Most sites on WordPress.com use a shared environment, meaning that they all run the same software. This is great because it allows us to update millions of sites at the same time. It means we can fix bugs or offer new features very quickly, which is a win for you as users.
Running multiple sites on the same software can also be dangerous. If we aren’t careful, one site can be used to take down the entirety of WordPress.com. This is why we limit some of the things you post on your site. If you write some code or copy-and-paste from another site, and it disappears after publishing the post, the code is likely being stripped out as a security precaution. If you feel it’s being stripped out improperly, or if you would like to suggest additional types of code we should allow, please contact support.
If you would like to add more custom code, plugin-enabled plans offer that option. To add code to your site’s header, see Add Code to Headers.
WordPress.com allows the following HTML tags in your posts, pages, and widgets:
h1, h2, h3, h4, h5, h6
These tags are supported in titles on some themes:
a, abbr, b, cite, del, em, i, q, s, strong, strike, u
Check out W3 Schools for more information about how each of these HTML codes can be used.
The following tags are not allowed on sites that do not have a plugin-enabled plan for security reasons:
embed, frame, iframe, form, input, object, textarea, style, link
This feature is available on sites with the WordPress.com Business or Ecommerce plan. If your site has one of our legacy plans, it is available on the Pro plan.
Flash and other types of embed that use the following are not allowed on WordPress.com sites without a plugin-enabled plan:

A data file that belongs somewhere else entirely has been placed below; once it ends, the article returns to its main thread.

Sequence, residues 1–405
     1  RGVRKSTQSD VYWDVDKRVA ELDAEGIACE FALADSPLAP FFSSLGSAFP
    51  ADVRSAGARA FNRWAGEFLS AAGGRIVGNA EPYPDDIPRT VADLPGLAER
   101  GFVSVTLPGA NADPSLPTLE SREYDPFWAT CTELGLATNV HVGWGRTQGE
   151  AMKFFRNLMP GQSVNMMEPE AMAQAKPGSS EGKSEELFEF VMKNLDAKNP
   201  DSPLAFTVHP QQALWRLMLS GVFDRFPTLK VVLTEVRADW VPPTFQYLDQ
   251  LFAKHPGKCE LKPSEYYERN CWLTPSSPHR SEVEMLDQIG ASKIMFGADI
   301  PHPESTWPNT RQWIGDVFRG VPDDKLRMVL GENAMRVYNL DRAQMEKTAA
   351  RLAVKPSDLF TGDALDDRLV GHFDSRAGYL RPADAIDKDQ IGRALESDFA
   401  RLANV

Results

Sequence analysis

embed, frame, iframe, form, input, object, textarea
There are several safe ways to post Videos, Audio, and other items to any WordPress.com site. In addition, the Embedding content page lists the various types of embeds that are allowed. Flash and other types of embed that use potentially unsafe HTML tags are only allowed on WordPress.com sites that are on plugin-enabled plans.
See our Posting Source Code article for details on how to easily post source code on your blog.
The code limitations mentioned above apply only to the sites that do not have plugins enabled.
On the WordPress.com plugin-enabled plans, you have the option to install third-party plugins and themes. You can use a plugin to add code to your header (common for integrating with services like Google AdSense) by following these steps.
At the same time, please be extra careful when adding custom code. Your site is separated from the shared environment, so it can’t be exploited to attack all of WordPress.com, but may itself still be vulnerable. As such, we recommend that you only add code that comes from a reputable source. If you are ever in doubt, err on the side of caution.